“Hardly a page can be found that does not include multiple references to Bible verses, invocation of Christian principles, even attempts to proselytize students with the Christian plan of salvation,” the report says of a curriculum called Wonderful Days, used by three school districts in the Fort Worth area.

Along with the Texas Freedom Network, I also have a problem with the Bible as part of sexual education curriculum.

There’s obvious First Amendment issues here – after all, what would conservative Christians say if sex education lessons were taught from the Quran in our high schools, and male students were told that, if they stayed on the straight and narrow this life, instead of seeing Jesus in the next one, that they would see – and “enjoy” – 70 virgins, instead?

As for conservative Christians who would argue “the majority rules,” many of our Founding Fathers explicitly worried about “the tyranny of the majority.”

Besides, in the Old Testament half of the Christian Bible, we have:

1. A lover talking about his beloved’s breasts, and euphemistically about other body parts, in the Song of Songs. (Think “belly.”)

2. Ruth having pre-marital gleaning fields blanket bingo with Boaz. (Exposing someone’s “feet” is an idiom used more than once in the Old Testament).

3. A Levite (think “deacon” today) openly traveling with his mistress in Judges.

Even if you don’t want the Quran and 70 virgins in your child’s public school sex education, if you’re a Protestant, would you want your child told not only that abstinence is right but modern forms of birth control are wrong?

If parents want to teach a biblically-based abstinence-only sex education at home, fire away. Neither I nor the Texas Freedom Network is going to come knocking on your door. And, if school districts want to teach religion-free scientific thoughts on abstinence as part of sexual education, while also teaching high schoolers basic facts they need to know if they’re going to be sexually active, I’m fine with that.

Abstinence as an option, even the first choice? Sure. Abstinence only? No.

Let AIG fail? Here’s the case for

Ari J. Officer has one central point: It would lance the still-inflated credit bubble faster than anything.

Beyond that, Officer says AIG’s plight may not be so bad as believed, primarily because it may have multiply-insured the same credit default swaps, kind of like selling insurance on the same house to multiple investors.

Given everything else we’re learning about AIG, this would in no way surprise me, were it true.

Finally, if CDSs are a zero-sum game, Officer says SOMEBODY wins if AIG loses.
if the number of institutions involved in swap-trading were limited to those trading with AIG, then AIG is probably not too big to fail. We have to worry about chains of claims. Just because AIG dealt only with banks does not mean those banks did not rewrite similar contracts with hedge funds.

So, let’s let it fail. Fuck Tim the Douche Bag Geithner and his boss, Mr. former No. 2 AIG Senator.

Josephus made up the Essenes

So says Israeli scholar Rachel Elior, who teaches Jewish mysticism at Hebrew University.

Then, who wrote the Dead Sea Scrolls?

The Zadokites, after a rupture in the priesthood, whether before or after the Maccabean revolt.

The Zadokite idea isn’t that revolutionary; a lot of modern scholars of that era postulate some rupture, with a set of “puritan” priests separating themselves from temple worship. And, many of those scholars agree that most scrolls probably weren’t written at Qumran, contra James Charlesworth’s mention of “inkpots” in the story.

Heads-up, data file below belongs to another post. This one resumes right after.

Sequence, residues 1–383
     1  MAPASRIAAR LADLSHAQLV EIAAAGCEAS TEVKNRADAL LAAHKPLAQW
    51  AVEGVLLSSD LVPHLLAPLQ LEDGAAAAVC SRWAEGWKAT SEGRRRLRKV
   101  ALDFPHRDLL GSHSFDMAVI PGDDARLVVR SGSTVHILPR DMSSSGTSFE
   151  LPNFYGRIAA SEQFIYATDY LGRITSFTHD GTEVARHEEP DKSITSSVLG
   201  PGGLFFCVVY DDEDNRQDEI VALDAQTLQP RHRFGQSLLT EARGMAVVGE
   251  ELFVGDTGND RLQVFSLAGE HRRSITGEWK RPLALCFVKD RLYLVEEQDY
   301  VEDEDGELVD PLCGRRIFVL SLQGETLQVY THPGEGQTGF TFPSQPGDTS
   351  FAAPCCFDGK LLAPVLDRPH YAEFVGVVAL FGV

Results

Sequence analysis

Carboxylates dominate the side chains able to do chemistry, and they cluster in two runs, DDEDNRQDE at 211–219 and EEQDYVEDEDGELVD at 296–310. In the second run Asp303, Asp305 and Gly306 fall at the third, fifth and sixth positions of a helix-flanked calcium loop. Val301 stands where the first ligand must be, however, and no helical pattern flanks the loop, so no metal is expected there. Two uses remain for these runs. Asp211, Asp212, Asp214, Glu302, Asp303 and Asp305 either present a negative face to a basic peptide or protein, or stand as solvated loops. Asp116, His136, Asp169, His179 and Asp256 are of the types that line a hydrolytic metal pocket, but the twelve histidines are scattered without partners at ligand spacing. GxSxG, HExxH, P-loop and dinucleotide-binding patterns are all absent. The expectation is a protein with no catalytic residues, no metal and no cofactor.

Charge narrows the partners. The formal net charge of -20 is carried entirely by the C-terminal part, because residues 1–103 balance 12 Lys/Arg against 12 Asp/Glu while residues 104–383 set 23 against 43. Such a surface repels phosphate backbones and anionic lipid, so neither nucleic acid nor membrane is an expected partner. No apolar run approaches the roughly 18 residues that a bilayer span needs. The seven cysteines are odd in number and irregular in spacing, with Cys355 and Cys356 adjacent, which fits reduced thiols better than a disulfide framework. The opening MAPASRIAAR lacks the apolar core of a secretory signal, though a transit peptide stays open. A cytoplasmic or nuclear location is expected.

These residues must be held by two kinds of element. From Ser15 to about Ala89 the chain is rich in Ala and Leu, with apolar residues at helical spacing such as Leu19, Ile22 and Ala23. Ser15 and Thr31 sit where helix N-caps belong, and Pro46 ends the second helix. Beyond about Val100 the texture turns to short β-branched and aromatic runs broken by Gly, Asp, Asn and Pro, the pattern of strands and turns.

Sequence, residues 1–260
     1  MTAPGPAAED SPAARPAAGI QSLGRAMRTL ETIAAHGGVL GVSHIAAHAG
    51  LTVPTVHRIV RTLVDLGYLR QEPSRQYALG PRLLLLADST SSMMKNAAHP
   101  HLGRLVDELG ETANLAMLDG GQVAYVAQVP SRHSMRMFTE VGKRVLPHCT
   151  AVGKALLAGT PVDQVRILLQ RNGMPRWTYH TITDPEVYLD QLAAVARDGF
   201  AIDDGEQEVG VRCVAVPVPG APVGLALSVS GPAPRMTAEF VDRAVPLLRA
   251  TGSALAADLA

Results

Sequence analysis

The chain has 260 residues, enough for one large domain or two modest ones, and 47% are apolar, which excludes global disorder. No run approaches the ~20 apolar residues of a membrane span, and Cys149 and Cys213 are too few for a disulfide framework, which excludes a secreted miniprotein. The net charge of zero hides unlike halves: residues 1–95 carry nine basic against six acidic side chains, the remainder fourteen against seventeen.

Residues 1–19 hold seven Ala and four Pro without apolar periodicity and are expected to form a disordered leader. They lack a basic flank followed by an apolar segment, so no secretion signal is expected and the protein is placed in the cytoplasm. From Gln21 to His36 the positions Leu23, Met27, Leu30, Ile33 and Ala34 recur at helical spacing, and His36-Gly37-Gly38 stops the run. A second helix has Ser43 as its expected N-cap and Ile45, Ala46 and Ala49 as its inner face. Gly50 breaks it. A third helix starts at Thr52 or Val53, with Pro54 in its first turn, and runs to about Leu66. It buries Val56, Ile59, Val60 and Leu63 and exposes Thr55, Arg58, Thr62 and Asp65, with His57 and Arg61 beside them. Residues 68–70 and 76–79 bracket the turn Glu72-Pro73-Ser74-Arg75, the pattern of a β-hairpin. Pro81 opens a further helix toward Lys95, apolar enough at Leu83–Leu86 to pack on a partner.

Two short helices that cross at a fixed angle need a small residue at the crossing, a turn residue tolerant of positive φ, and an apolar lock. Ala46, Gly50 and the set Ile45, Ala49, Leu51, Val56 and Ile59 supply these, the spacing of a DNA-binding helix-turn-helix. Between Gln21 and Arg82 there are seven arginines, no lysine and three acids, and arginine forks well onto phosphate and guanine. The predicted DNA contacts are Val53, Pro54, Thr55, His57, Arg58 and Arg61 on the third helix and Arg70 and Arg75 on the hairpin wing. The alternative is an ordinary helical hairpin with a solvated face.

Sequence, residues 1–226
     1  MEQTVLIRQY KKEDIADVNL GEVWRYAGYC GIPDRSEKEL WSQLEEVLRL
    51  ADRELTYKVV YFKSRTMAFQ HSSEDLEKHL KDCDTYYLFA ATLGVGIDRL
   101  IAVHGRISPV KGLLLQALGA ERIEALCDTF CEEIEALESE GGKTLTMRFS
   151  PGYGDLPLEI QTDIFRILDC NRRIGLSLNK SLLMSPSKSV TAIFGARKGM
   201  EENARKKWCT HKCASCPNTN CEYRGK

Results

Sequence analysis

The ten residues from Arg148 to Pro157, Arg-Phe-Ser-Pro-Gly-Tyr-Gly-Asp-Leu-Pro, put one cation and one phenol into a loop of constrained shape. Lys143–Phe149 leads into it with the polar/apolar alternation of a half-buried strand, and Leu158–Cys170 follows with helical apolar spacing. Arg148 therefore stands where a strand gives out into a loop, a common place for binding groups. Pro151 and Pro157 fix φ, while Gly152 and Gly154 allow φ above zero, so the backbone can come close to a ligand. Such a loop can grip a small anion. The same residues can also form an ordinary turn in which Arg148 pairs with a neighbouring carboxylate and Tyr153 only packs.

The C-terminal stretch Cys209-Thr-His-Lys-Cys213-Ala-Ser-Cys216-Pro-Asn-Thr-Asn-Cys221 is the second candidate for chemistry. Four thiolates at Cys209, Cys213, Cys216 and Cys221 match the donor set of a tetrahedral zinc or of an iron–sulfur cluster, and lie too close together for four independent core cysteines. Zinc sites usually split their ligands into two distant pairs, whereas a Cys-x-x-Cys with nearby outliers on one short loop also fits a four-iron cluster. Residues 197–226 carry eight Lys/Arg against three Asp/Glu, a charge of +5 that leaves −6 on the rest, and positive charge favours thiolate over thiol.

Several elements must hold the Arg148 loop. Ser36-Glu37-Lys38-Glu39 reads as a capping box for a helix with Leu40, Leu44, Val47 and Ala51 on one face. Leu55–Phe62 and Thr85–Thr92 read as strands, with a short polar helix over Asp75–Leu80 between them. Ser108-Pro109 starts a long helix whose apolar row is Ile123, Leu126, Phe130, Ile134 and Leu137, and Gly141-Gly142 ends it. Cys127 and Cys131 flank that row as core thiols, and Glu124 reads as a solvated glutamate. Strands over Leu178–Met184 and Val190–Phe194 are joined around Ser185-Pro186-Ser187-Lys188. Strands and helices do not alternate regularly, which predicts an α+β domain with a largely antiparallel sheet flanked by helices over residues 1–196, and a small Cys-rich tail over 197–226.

That said, Elior’s claim that the Zadokite split was while the Seleucids still controlled Palestine IS less of a consensus view; other scholars who postulate such a rupture put it after the Maccabees’ success, and some of their later priests became more corrupt. And, yet others say the DSS relate to an early Christian split, with followers of Jesus’ brother James writing about Paul as the “man of lies.”

But, I’ve not seen Elior’s main point pushed forward before, that Josephus invented the Essenes as a counterweight to anti-Semitism.

Read the full story for details of her theory, including how she explains references to Essenes by Pliny, Philo, etc.

Guess who’s coming to – the AIG – dinner

It’s true that Connecticut Sen. Chris Dodd was the largest Senate receiver of AIG largesse in the 2008 election cycle.

But, who was No. 2?

Why, a certain former junior senator from Illinois. The plot and the shit both thicken.

Ahh, you Obamiacs… having fun today? Is this the change you voted for?

All you people, alleged “liberals,” who attacked me (and people like me), for touting a Green Party vote last year, ready to start eating the MASSIVE plate of crow on your dinner table?

Another day, another Geithner lie

Treasury Secretary Tim Geithner knew the basics of the AIG bonuses 10 days before he claimed he did. And, his old place of work, the New York Fed, even warned about retention bonuses.

We know Obama won't fire him. How about some GOP Congressmen, even if for purely partisan reasons, pushing impeachment?

March 18, 2009

Dodd falling on sword, or being pushed off the plank?

And, if you ask me which metaphor is true, it’s clearly No. 2

Senator Chris Dodd admits HE inserted the retroactive bonus donning provision … BUT …

At the request of Team Obama, as he made clear in a follow-up statement:
“I did not want to make any changes to my original Senate-passed amendment but I did so at the request of Administration officials, who gave us no indication that this was in any way related to AIG. Let me be clear – I was completely unaware of these AIG bonuses until I learned of them last week.